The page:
Hastedt, Elmer (1)
Elmer Hastedt Written History
Original oral history on file at Bloomfield House Office
EH: I was born on Jan. 6th 1923 in Henry County. My mom (Alma Mahlman Hastedt) always said it was terribly cold snowy day. We lived in the third house on the right on County Rd. 11. It was a dirt road so it was muddy a lot of the times. Her Dr. was Doc Davis from Hamler. Mom was worried he wouldn’t be able to get his big Oldsmobile through the snow. So my dad ( Eddie Hastedt ) got the horses out and met him at the corner of St. Rt. 18 to pull him the half mile to the house.
EH: I was delivered on the kitchen table, that’s how they did it then. No hospitals, the Dr. made house calls.
DH: I was born on March 14th 1924. I was a twin and we were born at home too. My brother ( Delbert Miller ) was born first. After he was born, the Doc said there was another baby in there and mom labored for another 6 hours before I was born. What a shock that must have been to my mother as she never knew there were two babies. I didn’t even weigh 5 lbs, and of course there were no incubators in those days, so they made one. They warmed up some bricks on the wood cook stove and put them in a dresser drawer, wrapped them in blankets and that was my very own incubator. I was born close to Ridgeville Corners, Ohio. My twin Delbert drowned in a fishing accident when he was only 45. Now that was a hard time for me, as we were very close.
EH: I only had one sibling, a younger sister, Norma Hastedt Bostleman. But Dorothy had a big family.
DH: Yes, I had a sister and brother older than Delbert and I and then a sister and 2 brothers younger than I was, so there were 7 of us. I have one sister and one brother besides myself still living.
EH: In the spring of 1927, we moved from the house on Rd. 11 to the house on Rd. H, where my grandson, Chris and his family live now. It was only about 3/4 of a mile from the old house. I remember it well. We had to use the horses with a mud boat to move everything. A mud boat was a sled with wide runners. As I said before the road was all mud, so we traveled a lot with that old mud boat. You know that Rd. 11 stayed a mud road until 1933. And our roads weren’t numbered or lettered until 1978 when Victor Sonnenberg was Commisioner.
EH: I went to Arps School on the corner of Rd. 10 and H. It was torn down not too long ago. And yes, they always tease about walking to school in the snow and rain, but that is exatly what I did. Luckily it was only 1 mile from our house. It was a one room school house and went from grades 1 - 8. They didn’t have kindergarten then and certainy not preschools. I attended 2 years of high school at Hamler, but then had to quit to help my dad farm. My dad’s only brother, Fred Hastedt had died and dad couldn’t handle the farming by himself.
DH: My school was called Davis School and it was on Roads T and 18 in Freedom Township. My school was remodeled into a house and Kevin Gerken and his family live there. It’s pretty nice too. I walked to school too along with all my brothers and sisters. Plus a lot of our neighbors had large families too, so there was always a bunch of us walking together.
EH: Course there was no running water inside our school so we had out houses for bathrooms. We were used to that though because most of us didn’t have inside batrooms at home either. There was a pump outside for drinking water. We would fill a bucket and hang it outside the door and we had a tin cup we all used. I suppose when one of us got sick we all did, but now that would be a huge no-no. My teachers was Kathryn Busch at first. Course she was English and spoke no German, A lot of us spoke nothing but German, so we had to learn English quickly to catch on. Now that is low German or Platt duetch. Later on my teacher was Martha Schweibert and she spoke German. I Ioved reading and soon had read every book in our “library”. Our “library” consisted of a small cabinet with maybe 20 books.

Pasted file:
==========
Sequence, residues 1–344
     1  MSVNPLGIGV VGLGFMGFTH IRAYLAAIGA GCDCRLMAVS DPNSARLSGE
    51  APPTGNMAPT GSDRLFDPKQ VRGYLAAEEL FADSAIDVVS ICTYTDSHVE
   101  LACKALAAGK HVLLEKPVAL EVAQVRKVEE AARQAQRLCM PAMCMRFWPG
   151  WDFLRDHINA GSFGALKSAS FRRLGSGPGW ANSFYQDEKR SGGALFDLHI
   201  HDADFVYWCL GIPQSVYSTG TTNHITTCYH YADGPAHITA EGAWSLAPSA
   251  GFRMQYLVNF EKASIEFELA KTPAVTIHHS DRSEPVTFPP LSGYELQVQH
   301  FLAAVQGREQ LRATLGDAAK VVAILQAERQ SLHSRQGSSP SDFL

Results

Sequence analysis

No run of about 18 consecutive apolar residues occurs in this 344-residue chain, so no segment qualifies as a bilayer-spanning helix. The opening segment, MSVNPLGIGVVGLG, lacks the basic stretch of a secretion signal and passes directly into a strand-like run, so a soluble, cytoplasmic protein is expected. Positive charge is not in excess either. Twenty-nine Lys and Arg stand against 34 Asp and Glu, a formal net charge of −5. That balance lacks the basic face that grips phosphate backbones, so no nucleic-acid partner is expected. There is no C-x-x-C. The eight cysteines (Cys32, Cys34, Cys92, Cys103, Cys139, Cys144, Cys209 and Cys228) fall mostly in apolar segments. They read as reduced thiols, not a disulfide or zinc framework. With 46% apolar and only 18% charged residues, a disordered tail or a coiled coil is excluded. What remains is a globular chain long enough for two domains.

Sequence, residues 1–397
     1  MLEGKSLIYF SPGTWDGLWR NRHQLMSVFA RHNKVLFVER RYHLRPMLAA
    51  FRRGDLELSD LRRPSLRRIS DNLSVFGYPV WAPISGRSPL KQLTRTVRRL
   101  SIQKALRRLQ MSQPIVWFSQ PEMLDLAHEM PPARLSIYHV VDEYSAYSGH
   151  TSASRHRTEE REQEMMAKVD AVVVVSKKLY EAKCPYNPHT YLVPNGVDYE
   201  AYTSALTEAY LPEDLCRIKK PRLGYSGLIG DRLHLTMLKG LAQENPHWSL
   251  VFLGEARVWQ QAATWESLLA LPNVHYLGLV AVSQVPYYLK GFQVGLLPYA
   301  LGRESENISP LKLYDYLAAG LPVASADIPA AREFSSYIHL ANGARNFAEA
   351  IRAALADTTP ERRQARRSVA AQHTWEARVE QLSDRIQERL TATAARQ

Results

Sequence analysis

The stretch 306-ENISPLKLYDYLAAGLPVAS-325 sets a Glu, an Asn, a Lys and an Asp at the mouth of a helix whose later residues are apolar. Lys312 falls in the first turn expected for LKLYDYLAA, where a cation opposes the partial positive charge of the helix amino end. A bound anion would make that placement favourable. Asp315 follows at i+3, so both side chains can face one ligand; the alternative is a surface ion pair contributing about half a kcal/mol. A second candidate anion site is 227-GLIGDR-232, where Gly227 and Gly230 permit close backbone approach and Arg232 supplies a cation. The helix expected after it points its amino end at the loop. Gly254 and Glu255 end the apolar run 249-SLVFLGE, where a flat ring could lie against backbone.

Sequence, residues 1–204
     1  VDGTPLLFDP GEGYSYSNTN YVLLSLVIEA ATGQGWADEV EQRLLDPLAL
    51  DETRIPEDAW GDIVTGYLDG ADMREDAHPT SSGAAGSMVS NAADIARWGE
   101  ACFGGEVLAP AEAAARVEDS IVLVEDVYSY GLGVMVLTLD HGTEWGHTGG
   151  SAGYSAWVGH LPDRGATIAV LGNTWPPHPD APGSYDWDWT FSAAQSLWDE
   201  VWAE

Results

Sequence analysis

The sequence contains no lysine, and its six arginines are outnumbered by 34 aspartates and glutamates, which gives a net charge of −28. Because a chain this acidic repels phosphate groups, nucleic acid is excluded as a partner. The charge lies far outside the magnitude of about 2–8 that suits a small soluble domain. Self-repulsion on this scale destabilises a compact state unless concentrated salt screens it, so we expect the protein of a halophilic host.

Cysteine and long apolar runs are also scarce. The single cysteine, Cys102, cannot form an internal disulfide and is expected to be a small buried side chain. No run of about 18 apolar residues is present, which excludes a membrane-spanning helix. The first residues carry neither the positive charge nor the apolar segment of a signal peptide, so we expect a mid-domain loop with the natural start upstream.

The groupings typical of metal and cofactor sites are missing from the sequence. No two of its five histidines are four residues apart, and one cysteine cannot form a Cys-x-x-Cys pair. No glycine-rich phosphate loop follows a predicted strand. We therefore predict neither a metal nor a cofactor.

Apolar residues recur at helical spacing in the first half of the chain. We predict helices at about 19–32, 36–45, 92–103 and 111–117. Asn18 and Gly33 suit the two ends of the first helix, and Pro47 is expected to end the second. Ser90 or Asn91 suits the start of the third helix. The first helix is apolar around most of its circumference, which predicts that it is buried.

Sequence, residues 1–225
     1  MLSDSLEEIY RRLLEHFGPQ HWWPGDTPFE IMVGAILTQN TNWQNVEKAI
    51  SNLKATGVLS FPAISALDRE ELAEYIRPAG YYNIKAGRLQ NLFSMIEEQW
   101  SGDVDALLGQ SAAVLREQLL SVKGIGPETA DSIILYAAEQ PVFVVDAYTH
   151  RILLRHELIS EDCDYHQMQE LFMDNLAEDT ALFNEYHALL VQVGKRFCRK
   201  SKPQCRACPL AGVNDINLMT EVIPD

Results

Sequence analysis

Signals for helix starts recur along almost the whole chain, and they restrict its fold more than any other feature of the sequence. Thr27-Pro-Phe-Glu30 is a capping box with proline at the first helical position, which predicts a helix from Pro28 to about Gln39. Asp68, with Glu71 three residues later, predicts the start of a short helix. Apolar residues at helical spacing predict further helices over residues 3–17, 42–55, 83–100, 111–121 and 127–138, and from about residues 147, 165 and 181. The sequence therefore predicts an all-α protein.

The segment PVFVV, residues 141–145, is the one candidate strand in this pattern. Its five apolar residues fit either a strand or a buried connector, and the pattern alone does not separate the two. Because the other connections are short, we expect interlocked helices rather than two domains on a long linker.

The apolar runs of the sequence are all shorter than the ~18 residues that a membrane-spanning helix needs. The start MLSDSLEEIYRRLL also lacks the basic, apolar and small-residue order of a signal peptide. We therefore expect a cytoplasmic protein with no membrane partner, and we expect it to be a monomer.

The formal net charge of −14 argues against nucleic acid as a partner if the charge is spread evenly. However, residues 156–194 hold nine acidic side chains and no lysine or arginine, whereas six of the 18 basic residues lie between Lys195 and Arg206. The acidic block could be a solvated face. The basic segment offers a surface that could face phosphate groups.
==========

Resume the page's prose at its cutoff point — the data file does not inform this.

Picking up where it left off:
DH: I was always a little slower in the school learning than my brother. In one of the lower grades my teacher decided I needed to stay behind a year. Now a days they just push them through whether they can read or not. Anyway the teacher talked to my folks about it. When I found out I might be held back a year I was very upset. So I cried and cried until they decided not to do it. I was Delbert’s shadow and went where he went and did what he did. I would have been so scared without him. I got caught up in no time though.
EH: We had church school too. We went there from six years old till we were fourteen. That’s when we were confirmed. We would start after regular school was over and would go all summer from 9AM to 3PM. We learned our catechism in High German. So I was baptized and confirmed in High German. Pastor would come to the house to baptize us shortly after we were born. They didn’t do baptizms in church like they do now.
DH: All our kids were even baptized at home yet. Don’t know when they started doing it in church.
EH: You know the old school that sits at the Henry County Fairgrounds. I went to that school for church school. It sat behind my church, Immanuel Lutheran, on the corner of Rd. H and 109. We still go to church there now.
DH: I went to St. Paul’s Lutheran church on Rd. Q and 17. I learned my High German there. We were married there too. But since we lived so close to Elmer’s church, that has been my church since we were married. Two of our kids still go there too, Judy and Bob, but our youngest daughter Mary and her family iive in Baton Rouge, LA.
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